We are now tending towards fragmentation as well as specialisation. The main aims of VUWAEs 9 and 12, and to a lesser extent VUWAE 11, exemplify this tendency. This, too, is inevitable—there are many promising trails. Pressures of very widely differing interests are involved in our work, but there are few in each group. Hence it follows that our best use of our scientific resources at the present time involves us in divergence in specialised aspects of Antarctic Science.
Many persons and organisations have aided and encouraged our efforts. Without the logistic support of the R.N.Z.N., the U.S.N. (VX 6) and the U.S.A.F., the work could not have been done. We have received funds from many sources—the U.G.C. Research Committee, and its predecessor, the U.N.Z. Research Committee; the Council of V.U.W. (formerly V.U.C.); from D.S.I.R.; from N.S.F. of the United States; from the J. R. McKenzie Trust and many business firms which have contributed stores and equipment; and from an old friend of many VUWAEs, Mr. Eric Gibbs. It is a pleasure to acknowledge this assistance. Many individuals have actively helped and encouraged us—in the very early days Dr. J. Williams of V.U.W. (then V.U.C.), Dr. E. I. Robertson and Dr. T. Hatherton, of D.S.I.R.; a little later, Dr. R. Simmers, then Chairman of R.D.R.C., and other members of the Committee. The two Superintendents of Antarctic Division—Mr. G. Markham and his successor, Mr R. Thompson—have been of the greatest assistance to us, as have all members of Antarctic Division staff. We have always enjoyed our association with Scott Base Staff too, and have had their whole-hearted support.
Members of the Victoria University Antarctic Expeditions
|B. C. McKelvey||Geologist|
|P. N. Webb||Geologist|
|C. B. B. Bull (Leader)||Physicist||R. Barwick (Deputy Leader)||Biologist||B. C. McKelvey||Geologist||P. N. Webb||Geologist|
|R. W. Balham (Leader)||Biologist|
|R. H. Wheeler (Deputy Leader)||Geographer|
|A. D. Allen||Geologist|
|I. A. G. Willis||Geologist & Geophysicist|
|R. H. Wheeler (Leader)||Geographer|
|H. R. Blank (Deputy Leader)||Geologist|
|C. B. B. Bull||Physicist|
|I. A. G. Willis||Geologist|
|H. W. Wellman||Geologist|
|A. T. Wilson||Chemist|
|I. A. G. Willis (Leader)||Geologist|
|C. C. Rich (Deputy Leader)||Geologist|
|G. J. Smith||Geologist & Chemist|
|T. Shirtcliffe (Leader)||Physicist|
|R. F. Benseman||Physicist|
|K. B. Popplewell||Chemist|
|W. Prebble (Leader)||Geologist|
|A. T. Wilson (Scientific Leader, 1st Phase)||Chemist|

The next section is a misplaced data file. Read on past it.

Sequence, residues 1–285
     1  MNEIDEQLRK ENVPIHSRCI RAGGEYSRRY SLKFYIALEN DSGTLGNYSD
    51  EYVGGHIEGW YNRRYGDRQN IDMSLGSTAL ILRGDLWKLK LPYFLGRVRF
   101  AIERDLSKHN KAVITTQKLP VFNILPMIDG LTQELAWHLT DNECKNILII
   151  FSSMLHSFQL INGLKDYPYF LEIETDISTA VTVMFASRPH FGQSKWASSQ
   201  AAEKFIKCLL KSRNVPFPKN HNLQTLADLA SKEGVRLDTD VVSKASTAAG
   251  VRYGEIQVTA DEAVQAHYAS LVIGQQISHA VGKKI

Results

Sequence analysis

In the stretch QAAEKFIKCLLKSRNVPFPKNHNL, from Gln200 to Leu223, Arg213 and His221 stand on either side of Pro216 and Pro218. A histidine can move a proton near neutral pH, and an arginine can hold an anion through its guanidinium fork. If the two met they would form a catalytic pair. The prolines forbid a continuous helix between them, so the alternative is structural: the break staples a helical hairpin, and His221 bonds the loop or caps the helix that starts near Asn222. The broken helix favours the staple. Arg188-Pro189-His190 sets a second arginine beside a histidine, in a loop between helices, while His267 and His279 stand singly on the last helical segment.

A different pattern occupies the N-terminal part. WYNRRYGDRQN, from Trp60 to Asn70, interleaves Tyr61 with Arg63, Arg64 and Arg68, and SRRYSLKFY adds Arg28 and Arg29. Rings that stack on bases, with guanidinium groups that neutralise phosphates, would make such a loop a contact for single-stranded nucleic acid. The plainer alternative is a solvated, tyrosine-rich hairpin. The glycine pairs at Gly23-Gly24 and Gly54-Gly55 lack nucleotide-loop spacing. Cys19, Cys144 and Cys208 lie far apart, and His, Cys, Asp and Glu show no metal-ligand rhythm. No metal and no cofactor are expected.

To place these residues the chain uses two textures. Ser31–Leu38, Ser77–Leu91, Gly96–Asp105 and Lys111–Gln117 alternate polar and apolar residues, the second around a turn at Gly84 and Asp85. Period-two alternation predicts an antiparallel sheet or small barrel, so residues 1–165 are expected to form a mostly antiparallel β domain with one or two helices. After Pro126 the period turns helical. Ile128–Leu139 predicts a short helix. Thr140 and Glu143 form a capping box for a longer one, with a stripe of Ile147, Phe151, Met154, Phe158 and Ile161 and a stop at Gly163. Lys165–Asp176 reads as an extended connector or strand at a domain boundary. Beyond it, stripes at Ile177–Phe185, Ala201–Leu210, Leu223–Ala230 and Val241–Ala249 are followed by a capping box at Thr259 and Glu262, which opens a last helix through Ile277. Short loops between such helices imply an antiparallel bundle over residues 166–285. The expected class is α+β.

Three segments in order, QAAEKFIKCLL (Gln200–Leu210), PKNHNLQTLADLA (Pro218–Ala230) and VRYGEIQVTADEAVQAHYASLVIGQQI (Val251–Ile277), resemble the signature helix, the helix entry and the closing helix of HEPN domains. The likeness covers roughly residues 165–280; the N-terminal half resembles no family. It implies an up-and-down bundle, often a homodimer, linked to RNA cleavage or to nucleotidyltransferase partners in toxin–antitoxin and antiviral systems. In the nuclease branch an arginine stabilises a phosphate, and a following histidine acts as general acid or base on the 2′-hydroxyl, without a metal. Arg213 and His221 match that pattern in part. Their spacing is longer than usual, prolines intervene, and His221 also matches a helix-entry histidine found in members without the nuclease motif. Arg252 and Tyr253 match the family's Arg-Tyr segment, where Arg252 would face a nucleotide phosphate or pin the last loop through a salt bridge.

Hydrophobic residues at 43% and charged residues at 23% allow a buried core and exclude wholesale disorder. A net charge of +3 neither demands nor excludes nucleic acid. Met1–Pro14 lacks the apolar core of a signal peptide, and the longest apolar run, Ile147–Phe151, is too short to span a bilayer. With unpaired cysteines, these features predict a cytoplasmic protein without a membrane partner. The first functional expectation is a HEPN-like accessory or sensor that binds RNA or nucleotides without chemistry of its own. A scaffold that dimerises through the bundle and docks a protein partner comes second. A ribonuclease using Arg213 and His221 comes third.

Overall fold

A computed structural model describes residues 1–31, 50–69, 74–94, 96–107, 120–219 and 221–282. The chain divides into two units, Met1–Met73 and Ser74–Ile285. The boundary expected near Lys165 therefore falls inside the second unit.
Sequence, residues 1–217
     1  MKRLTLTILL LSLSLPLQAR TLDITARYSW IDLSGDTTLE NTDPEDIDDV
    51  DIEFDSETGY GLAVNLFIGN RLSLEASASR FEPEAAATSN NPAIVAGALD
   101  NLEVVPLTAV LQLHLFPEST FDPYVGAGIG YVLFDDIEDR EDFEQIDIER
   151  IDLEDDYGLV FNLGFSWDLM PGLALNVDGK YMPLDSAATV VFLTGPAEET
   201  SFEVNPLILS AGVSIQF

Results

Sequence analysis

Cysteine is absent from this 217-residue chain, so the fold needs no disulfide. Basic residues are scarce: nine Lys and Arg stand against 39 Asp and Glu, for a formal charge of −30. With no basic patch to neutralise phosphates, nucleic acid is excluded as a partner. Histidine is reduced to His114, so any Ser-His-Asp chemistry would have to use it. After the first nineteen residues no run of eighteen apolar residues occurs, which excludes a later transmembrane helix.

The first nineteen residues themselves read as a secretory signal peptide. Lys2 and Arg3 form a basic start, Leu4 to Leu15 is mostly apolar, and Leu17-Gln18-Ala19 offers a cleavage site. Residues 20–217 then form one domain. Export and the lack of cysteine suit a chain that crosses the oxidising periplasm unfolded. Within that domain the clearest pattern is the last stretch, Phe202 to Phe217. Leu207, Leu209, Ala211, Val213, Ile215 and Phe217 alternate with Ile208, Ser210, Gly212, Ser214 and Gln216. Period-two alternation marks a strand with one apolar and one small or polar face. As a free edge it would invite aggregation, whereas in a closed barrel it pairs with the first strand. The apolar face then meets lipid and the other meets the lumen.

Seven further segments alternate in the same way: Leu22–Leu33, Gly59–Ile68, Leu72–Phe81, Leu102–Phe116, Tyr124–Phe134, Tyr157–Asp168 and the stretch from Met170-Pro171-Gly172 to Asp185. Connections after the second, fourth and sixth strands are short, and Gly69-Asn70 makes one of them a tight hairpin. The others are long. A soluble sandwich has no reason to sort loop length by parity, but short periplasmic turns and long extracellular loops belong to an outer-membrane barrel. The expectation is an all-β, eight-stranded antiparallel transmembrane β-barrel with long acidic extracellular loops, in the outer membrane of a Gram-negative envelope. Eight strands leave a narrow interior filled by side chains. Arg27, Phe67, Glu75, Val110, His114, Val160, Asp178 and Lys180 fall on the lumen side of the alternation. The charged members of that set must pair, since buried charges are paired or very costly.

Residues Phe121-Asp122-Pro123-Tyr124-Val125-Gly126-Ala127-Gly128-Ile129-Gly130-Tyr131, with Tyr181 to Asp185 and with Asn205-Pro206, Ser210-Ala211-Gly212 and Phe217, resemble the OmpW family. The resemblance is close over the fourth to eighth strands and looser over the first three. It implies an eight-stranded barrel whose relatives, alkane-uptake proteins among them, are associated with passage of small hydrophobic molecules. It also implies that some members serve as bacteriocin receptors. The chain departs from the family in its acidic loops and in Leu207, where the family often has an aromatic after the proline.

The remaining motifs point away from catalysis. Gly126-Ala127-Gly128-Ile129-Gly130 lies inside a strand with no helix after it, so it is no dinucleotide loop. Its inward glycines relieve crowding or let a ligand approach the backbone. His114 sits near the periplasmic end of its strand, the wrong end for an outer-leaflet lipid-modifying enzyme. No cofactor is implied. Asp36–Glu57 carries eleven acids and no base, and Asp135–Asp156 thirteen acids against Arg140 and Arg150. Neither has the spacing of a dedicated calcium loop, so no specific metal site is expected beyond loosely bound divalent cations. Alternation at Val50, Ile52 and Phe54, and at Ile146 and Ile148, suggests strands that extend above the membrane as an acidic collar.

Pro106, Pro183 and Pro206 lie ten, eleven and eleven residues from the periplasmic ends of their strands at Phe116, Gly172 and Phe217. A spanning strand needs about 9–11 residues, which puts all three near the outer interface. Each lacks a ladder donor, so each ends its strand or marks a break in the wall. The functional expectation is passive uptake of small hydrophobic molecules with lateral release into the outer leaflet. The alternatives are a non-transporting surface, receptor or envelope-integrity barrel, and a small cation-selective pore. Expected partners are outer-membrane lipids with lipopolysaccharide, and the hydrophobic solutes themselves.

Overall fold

|H. W. Wellman, (Scientific Leader, 2nd Phase)||Geologist|
|R. A. Henderson||Geologist|
|D. A. House||Chemist|
|K. B. Popplewell||Chemist|
|W. Prebble (Leader)||Geologist|
|P. P. Vella (Scientific Leader)||Geologist|
|J. Bradley (Scientific Leader)||Geologist|
|D. Zimmerman||Economic Geologist|
|A. Baker (Deputy Leader)||Biologist|
|E. Ghent (Leader)||Geologist|
|R. A. Henderson (Deputy Leader)||Geologist|
|H. W. Wellman (Leader)||Geologist|
|D. A. Christoffel (Geophysics team leader)|
|I. M. Calheim||Geophysics|
|H. W. Wellman (Expedition Leader and Leader of Geological Group)|
|A. T. Wilson (Leader of Chemistry Group)|
|I. Calheim (Leader of Geophysics Group)|
|W. J. Cousins||Geophysicist|
Other V.U.W. groups which have operated in Antaretica include the following:—
1959 Reconnaissance of Mackay and Koettlitz Glacier areas — R. H. Clark and C. B. B. Bull.
1961 Reconnaissance of Brown Hills/Darwin Glacier area — R. H. Clark and R. H. Wheeler.
1962 Work on Ross Island — H. W. Wellman.
Antarctic Publications of V.U.W.
Webb, P. N. and McKelvey, B. C., 1959. Geological Investigations in South Victoria Land, Antarctica. Pt. 1 — Geology of Victoria Dry Valley. N.Z.J. Geol. Geophys. 2: 120-136.
MsKelvey, B. C. and Webb, P. N., 1959. Geological Investigations in South Victoria Land, Antarctica. Pt. II — Geology of Upper Taylor Glacier Region. N.Z.J. Geol. Geophys. 2: 718-728.
Bull, C. and Irving, E., 1960. The Paleomagnetism of some Hypabyssal Intrusive Rocks from South Victoria Land, Antarctica. Geophys. Jour. Roy. Astron. Soc., Vol. 3, No. 2: 211-224.
Bull C., 1960. Gravity Observations in the Wright Valley Area, Victoria Land, Antarctica. N.Z.J. Geol. Geophys. 3: 543-52.
McKelvey, B. C. and Webb, P. N., 1961. Geological Reconnaissance in Victoria Land, Antarctica. Nature. Vol. 189, No. 4764: 545-547.
Clark, R. H., 1960. Geological Work in Antarctic Dry Valleys. Report of International Geological Congress XXI Session, Norden, 1960, Pt. XXI.
McKelvey, B. C. and Webb, P. N., 1962. Geological Investigations in Southern Victoria Land, Antarctica. Pt. 3 — Geology of Wright Valley N.Z.J. Geol. Geophys. 5: 143-62.
Bull, C., Irving, E. and Willis, I., 1962. Further Palaeomagnetic Results from South Victoria Land, Antarctica. Geophys. Jour. Roy. Astron. Soc., Vol. 6, No. 3: 320-336.
Allen, A. D. and Gibson, G. W., 1962. Geological Investigations in Southern Victoria Land, Antarctica. Part 6 — Outline of the Geology of the Victoria Valley Region. N.Z.J. Geol. Geophys., Vol. 5, No. 2: 234-242.
Allen, A. D., 1962. Geological Investigations in Southern Victoria land, Antarctica. Part 7 — Formations of the Beacon Group in the Victoria Valley Region. N.Z.J. Geol. Geophys., Vol. 5, No. 2: 278-294.
Bull, C., McKelvey, B. C. and Webb, P. N., 1962. Quaternary Glaciations in Southern Victoria Land, Antarctica. Jour. Glaciology, Vol. 4, No. 31: 63-78.
Gibson, G. W., 1967. Geological Investigations in South Victoria Land, Antarctica. Part 8 — Evaporite Salts in the Victoria Valley Region. N.Z.J. Geol. Geophys. 5, No. 3: 361-74.
Johannesson, J. K. and Gibson, G. W., 1962. Nitrate and Iodate in Antarctic Salt Deposits. Nature, Vol. 194, No. 4828: 567-68.
Bull, C., 1962. Gravity Observations in the Koettlitz Glacier Area, Southern Victoria Land, Antarctica. N.Z.J. Geol. Geophys., Vol. 5, No. 5: 810-19.
Wilson, T. A. and Wellman, H. W., 1962. Lake Vanda: an Antarctic Lake. Nature, Vol. 196, No. 4860: 1171-1173.